A Traditional Daeboreum at Namsangol
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A Traditional Daeboreum at Namsangol
  • 차지혜 기자
  • 승인 2008.03.03 00:00
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Countless people came and went, and the village remained crowded until the end of the day’s events. Lee Yoon-sang, a staff member, said, “We were a bit surprised that so many people came today, despite the fact that it is a workday. Usually, Chinese and Japanese tourists visit in groups, but today it is good to see many families coming together and enjoying Korean culture.” However, university students were scarcely seen among the wide range of people that came by that day. Yet, an absence of people his age did not deter Ha Seung-won (Hongik University,1), who has been volunteering in these kinds of traditional holiday events since he was in his first year of high school and helped people make kites. He said he was able to learn more about traditional Korean holidays through his experiences. “I have been working for a few years, but I still think that Korean people are not that interested in our own culture. I just hope that the government will sponsor more of these kinds of events to attract people’s attention.”

If you think there is no place inSeoul to enjoy traditional Korean culture, think again. In Namsangol Hanok Village, in the very center of Chungmuro, one of the busiest places in Seoul, you can experience traditional Korean culture and enjoy “dynamic” Korea for free. The village not only features traditional Korean house, but also prepares special events for visitors on traditional holidays. On Jongwol Daeboreum, the first day of the full moon in the new year, I set out to experience how this day was celebrated in old times.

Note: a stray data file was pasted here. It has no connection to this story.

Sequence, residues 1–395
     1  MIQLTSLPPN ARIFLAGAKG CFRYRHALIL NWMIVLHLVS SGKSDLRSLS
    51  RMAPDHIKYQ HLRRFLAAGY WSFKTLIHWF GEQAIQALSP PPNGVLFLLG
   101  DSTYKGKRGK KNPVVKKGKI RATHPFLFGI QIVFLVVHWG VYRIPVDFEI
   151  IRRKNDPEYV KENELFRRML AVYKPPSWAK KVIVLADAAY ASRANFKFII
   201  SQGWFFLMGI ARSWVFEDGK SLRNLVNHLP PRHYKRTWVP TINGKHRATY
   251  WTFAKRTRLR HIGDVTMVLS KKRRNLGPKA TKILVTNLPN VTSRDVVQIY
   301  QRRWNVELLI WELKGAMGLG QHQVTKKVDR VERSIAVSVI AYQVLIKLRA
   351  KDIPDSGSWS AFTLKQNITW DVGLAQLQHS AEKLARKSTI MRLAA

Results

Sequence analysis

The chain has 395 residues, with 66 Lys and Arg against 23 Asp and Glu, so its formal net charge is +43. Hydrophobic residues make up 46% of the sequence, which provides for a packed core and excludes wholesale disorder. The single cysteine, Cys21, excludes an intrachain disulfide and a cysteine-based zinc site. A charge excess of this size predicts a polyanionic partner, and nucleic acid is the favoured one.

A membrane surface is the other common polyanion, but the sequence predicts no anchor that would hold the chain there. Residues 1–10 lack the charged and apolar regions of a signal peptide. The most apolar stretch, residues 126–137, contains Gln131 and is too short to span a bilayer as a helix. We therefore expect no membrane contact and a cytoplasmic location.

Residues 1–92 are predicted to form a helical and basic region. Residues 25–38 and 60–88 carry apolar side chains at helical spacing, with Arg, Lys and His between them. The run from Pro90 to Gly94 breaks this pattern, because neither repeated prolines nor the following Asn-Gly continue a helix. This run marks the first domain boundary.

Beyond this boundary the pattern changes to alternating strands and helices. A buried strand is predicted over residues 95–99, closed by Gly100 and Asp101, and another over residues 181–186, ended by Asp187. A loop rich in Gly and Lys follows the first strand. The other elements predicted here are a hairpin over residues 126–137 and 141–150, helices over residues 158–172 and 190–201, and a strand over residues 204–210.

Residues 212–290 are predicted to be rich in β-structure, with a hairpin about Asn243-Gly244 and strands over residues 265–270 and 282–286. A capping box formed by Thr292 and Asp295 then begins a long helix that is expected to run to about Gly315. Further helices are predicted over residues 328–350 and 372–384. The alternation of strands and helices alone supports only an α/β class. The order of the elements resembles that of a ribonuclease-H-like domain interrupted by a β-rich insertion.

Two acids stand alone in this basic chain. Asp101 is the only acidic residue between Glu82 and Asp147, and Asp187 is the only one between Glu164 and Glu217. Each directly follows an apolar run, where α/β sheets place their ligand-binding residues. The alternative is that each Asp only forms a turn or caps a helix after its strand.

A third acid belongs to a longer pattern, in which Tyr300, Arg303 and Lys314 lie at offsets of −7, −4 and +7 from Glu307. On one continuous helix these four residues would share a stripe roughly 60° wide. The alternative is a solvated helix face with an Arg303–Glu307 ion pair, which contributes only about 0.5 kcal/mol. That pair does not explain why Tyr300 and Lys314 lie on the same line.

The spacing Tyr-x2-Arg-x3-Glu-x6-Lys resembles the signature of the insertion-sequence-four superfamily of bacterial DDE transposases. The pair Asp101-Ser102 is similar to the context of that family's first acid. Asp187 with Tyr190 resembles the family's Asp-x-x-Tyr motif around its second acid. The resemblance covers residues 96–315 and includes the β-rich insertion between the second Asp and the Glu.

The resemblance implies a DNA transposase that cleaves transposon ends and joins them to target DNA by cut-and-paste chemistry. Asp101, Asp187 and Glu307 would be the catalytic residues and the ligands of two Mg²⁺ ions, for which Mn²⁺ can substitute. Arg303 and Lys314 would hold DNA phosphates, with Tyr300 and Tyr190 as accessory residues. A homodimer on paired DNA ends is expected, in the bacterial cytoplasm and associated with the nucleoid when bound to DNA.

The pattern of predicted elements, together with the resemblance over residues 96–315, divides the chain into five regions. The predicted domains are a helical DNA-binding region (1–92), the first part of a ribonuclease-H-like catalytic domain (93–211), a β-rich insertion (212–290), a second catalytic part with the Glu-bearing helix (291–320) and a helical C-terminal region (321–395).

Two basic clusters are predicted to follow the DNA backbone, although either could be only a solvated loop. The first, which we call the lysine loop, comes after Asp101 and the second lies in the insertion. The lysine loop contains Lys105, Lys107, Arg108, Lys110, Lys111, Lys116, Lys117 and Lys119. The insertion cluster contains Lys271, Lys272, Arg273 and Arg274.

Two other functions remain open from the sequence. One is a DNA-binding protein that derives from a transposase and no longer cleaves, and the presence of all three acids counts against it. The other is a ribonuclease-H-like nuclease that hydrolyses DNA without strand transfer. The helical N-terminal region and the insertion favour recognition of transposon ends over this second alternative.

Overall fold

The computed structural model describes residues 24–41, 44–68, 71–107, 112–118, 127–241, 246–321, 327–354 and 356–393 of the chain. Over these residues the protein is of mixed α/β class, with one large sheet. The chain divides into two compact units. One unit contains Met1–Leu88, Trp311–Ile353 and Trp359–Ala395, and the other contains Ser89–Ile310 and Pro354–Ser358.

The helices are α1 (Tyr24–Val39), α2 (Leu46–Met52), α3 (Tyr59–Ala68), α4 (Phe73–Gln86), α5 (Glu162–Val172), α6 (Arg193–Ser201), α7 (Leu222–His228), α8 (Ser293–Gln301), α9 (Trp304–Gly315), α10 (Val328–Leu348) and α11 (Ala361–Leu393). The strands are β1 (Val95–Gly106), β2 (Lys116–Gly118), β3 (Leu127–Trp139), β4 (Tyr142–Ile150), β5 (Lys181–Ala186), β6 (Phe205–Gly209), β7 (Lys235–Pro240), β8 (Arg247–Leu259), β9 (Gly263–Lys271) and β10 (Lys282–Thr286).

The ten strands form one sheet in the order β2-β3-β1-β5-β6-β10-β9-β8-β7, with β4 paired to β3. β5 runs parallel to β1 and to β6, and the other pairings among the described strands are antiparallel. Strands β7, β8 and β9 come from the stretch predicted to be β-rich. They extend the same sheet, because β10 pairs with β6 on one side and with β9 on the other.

Thanks to the warm weather, Namsangol Hanok Village was crowded with groups of people ranging from little children to their grandparents even before the clock reached 10 a.m. which was supposed to be the start of the festival. Some people were wearing hanbok (traditional Korean clothing); all were readying themselves for the different cultural events of the day, sponsored by Seoul city and Korea Cultural Heritage Foundation.

The Daeboreum festival traditionally involves making a wish on the full moon. So, at the Hanok Village, “wishing” events such as printing fortune talismans, hanging slip of paper inscribed with one’s wishes, and making wish kites were readied in the main yard. In other corner of the village was a jinchae exhibition of food eaten on this day, and including free tasting of Kwibalki sul, an alcoholic drink that is traditionally given to the elders with the hope to bring good news to the family. Nut sales were also taking place in one of the booths because people believed that the loud crunching noises from the nuts scare away evil spirit. The atmosphere was truly a lively since everyone in the village seem to be glad to experience the traditional holiday which is hard to do in any other place these days.